December 2, 2016


Long ago when the new world had just been discovered, there lived a tribe of Indians; they made their homes among the canyons and brush of the Midwest and Mexico, and they prospered. Babies were born, grew up, married. The married became old and died; such was the life of the Midwest Indians. That peaceful life was shattered, through, when in the late 1500's pale visitors riding great antlerless deer began to explore the West. These white men, also known as Conquistadors, exploited the land they traveled through, leaving it a barren wasteland, leaving the Indians nothing. This is the story of the Midwest Indians - their lives before the white man, the bitter slavery that followed, and the creation of the Mexican culture. This is the story contained in the pages of Indio by Sherry Garland.

Ipa-tah-chi loved her village very much - the bubbling stream, the rustling corn, the dusty canyon wall which she loved to climb. But most of all Ipa loved the people who lived in the village - Grandmother, her brothers Kadoh and Ximi, and her cousin Xucate. She never wanted anything to change, but like a sudden rainstorm that destroys the corn, change did come. The Spanish Conquistadors swooped down upon the village and wreaked havoc, taking prisoner Ipa, Xucate, and young Kadoh. The three have no idea what awaits them or where the Spaniards are taking them; they only know it must be worse than death. Ipa prays to the panther god for help, but none comes; perhaps there is only one true god, as the Spanish monks say, a God who hears her. Does he hear her now?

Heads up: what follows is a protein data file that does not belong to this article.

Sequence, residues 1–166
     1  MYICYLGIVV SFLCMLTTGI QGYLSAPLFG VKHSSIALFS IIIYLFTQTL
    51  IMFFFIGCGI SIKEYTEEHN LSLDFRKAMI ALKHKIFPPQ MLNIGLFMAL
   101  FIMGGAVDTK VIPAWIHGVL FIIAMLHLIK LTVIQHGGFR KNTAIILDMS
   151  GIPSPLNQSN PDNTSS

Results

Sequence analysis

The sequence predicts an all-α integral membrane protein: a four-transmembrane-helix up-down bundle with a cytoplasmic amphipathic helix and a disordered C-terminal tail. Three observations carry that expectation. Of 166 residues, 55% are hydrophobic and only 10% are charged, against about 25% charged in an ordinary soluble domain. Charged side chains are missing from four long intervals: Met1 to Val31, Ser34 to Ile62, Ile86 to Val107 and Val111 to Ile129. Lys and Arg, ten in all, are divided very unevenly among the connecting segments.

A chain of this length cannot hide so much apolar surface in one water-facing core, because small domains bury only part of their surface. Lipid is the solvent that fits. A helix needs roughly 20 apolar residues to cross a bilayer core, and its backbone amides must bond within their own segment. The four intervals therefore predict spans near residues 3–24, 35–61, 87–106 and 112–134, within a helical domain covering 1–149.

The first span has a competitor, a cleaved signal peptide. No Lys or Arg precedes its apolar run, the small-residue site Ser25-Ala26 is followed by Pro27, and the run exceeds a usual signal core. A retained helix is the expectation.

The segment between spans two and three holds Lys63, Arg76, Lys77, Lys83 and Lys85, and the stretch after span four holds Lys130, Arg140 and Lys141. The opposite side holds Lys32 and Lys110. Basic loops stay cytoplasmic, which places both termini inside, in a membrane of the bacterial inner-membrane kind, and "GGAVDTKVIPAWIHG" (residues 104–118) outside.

This was an excellent book, but I would recommend that only age 13+ read it; there are very violent scenes, as well as graphic descriptions of child birthing. I would recommend that parents pre-read this book first to see if they're all right with their teenagers reading the material. Sherry Garland has created a wonderful story full of historical accuracy, heart warming moments, and gut-punching ones. Quite an excellent story, a thrill to read.


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